“... we consider it bad practice to inject configuration information at build or packaging time. This follows from the principle that you should be able to deploy the same binaries to every environment so you can ensure that the thing that you release is the same thing that you tested. The corollary of this is that anything that changes between deployments needs to be captured as configuration, and not baked in when the application is compiled or packaged.” Humble, Jez. Continuous Delivery: Reliable Software Releases through Build, Test, and Deployment Automation (Addison-Wesley Signature Series (Fowler)) (pp. 41-42). Pearson Education. Kindle Edition.
“An environment is all of the resources that your application needs to work and their configuration.” Humble, Jez. Continuous Delivery: Reliable Software Releases through Build, Test, and Deployment Automation (Addison-Wesley Signature Series (Fowler)) (p. 277). Pearson Education. Kindle Edition.
“The key characteristic of binaries is that you should be able to copy them onto a new machine and, given an appropriately configured environment and the correct configuration for the application in that environment, start your application—without relying on any part of your development toolchain being installed on that machine.”Humble, Jez. Continuous Delivery: Reliable Software Releases through Build, Test, and Deployment Automation (Addison-Wesley Signature Series (Fowler)) (p. 134). Pearson Education. Kindle Edition.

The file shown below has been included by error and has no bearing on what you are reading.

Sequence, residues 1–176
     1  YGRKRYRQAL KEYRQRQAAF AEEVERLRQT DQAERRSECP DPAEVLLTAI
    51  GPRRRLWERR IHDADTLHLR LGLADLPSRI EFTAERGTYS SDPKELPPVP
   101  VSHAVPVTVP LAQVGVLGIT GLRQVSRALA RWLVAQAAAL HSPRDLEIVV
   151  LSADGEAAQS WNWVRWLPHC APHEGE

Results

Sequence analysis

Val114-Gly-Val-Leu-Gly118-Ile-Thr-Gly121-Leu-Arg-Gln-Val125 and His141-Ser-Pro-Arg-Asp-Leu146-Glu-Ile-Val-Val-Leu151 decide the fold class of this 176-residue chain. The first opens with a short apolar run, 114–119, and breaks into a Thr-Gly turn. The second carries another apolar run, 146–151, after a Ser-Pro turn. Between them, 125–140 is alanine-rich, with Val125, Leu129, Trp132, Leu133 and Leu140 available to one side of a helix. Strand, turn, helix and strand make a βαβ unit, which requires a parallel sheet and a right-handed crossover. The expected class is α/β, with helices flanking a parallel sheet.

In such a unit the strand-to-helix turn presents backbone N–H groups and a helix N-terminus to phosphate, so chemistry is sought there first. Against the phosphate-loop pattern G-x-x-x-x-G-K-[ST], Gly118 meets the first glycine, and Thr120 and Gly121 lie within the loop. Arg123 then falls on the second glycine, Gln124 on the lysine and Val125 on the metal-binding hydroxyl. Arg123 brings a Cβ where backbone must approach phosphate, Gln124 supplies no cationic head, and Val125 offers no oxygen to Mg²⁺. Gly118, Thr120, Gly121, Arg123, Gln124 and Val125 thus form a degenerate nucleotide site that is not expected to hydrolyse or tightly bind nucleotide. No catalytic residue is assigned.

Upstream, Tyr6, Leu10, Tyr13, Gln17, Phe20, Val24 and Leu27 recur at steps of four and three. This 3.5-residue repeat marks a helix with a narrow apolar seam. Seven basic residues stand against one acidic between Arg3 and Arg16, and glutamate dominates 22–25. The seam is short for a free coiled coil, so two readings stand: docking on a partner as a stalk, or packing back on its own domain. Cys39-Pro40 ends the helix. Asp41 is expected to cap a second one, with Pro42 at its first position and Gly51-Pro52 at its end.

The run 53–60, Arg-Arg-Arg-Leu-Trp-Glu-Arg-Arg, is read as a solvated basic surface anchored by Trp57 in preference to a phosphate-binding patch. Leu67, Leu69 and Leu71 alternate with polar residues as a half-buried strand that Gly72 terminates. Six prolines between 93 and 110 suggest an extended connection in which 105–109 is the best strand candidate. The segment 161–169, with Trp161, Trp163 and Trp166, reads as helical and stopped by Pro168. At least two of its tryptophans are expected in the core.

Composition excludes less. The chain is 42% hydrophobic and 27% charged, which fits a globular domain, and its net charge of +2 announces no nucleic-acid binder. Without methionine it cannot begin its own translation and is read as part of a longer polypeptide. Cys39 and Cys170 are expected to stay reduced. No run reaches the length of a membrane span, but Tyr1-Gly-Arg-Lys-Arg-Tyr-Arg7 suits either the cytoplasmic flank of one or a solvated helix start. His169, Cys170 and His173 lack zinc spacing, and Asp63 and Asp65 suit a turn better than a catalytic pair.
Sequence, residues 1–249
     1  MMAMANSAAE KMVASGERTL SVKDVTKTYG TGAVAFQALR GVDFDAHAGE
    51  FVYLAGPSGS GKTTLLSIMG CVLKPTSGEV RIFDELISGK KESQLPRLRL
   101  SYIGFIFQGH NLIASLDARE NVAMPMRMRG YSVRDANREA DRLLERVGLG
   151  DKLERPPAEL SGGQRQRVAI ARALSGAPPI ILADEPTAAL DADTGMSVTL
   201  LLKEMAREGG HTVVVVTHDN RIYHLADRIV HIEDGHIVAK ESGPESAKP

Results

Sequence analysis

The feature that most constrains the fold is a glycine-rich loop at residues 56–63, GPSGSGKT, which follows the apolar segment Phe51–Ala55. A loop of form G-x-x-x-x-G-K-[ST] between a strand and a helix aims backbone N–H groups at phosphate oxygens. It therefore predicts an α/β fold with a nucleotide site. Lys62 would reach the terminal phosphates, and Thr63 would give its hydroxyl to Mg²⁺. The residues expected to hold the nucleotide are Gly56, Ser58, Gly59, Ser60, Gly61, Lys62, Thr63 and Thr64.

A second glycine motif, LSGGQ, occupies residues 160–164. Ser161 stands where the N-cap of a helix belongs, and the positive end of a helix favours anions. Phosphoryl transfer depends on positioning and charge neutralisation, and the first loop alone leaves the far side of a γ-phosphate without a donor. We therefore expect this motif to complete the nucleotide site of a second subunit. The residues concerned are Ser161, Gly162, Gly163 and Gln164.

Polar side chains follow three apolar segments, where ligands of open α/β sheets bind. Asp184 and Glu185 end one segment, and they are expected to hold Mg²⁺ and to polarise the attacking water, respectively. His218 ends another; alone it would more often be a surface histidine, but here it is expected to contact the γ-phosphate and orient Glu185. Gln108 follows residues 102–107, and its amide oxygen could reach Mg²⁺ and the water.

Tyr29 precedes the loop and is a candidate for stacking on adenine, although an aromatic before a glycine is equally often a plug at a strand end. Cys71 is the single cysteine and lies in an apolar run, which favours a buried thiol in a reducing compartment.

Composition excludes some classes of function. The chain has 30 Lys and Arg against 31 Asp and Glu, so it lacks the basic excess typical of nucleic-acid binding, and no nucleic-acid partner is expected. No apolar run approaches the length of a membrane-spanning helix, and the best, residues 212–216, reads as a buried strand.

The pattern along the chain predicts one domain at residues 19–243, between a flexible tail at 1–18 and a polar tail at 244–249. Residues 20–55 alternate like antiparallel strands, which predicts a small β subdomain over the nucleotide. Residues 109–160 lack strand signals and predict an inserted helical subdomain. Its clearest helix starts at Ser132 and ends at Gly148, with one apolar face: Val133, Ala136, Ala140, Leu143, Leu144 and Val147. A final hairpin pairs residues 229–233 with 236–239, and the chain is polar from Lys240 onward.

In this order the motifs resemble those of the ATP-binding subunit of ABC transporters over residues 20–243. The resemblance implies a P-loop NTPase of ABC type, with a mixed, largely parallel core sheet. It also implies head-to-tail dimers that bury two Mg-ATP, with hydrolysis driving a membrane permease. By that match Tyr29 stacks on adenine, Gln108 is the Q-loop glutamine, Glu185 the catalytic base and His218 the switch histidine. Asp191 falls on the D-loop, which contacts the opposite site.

“Don’t Make Changes Directly on the Production Environment: Most downtime in production environments is caused by uncontrolled changes. Production environments should be completely locked down, so that only your deployment pipeline can make changes to it. That includes everything from the configuration of the environment to the applications deployed on it and their data.” Humble, Jez. Continuous Delivery: Reliable Software Releases through Build, Test, and Deployment Automation (Addison-Wesley Signature Series (Fowler)) (p. 273). Pearson Education. Kindle Edition.